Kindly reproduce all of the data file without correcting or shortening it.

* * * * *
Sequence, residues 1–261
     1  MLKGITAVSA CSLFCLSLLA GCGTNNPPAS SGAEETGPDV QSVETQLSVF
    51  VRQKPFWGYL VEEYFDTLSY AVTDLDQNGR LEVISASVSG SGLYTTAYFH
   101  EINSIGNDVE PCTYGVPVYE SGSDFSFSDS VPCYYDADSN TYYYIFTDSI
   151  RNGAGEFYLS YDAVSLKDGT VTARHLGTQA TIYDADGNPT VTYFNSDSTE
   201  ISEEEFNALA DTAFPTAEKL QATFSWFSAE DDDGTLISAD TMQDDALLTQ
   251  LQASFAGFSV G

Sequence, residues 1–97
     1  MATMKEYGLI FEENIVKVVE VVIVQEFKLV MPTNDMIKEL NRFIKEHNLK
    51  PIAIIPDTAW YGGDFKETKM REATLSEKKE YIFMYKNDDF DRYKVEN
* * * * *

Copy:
Sequence, residues 1–261
     1  MLKGITAVSA CSLFCLSLLA GCGTNNPPAS SGAEETGPDV QSVETQLSVF
    51  VRQKPFWGYL VEEYFDTLSY AVTDLDQNGR LEVISASVSG SGLYTTAYFH
   101  EINSIGNDVE PCTYGVPVYE SGSDFSFSDS VPCYYDADSN TYYYIFTDSI
   151  RNGAGEFYLS YDAVSLKDGT VTARHLGTQA TIYDADGNPT VTYFNSDSTE
   201  ISEEEFNALA DTAFPTAEKL QATFSWFSAE DDDGTLISAD TMQDDALLTQ
   251  LQASFAGFSV G

Sequence, residues 1–97
     1  MATMKEYGLI FEENIVKVVE VVIVQEFKLV MPTNDMIKEL NRFIKEHNLK
    51  PIAIIPDTAW YGGDFKETKM REATLSEKKE YIFMYKNDDF DRYKVEN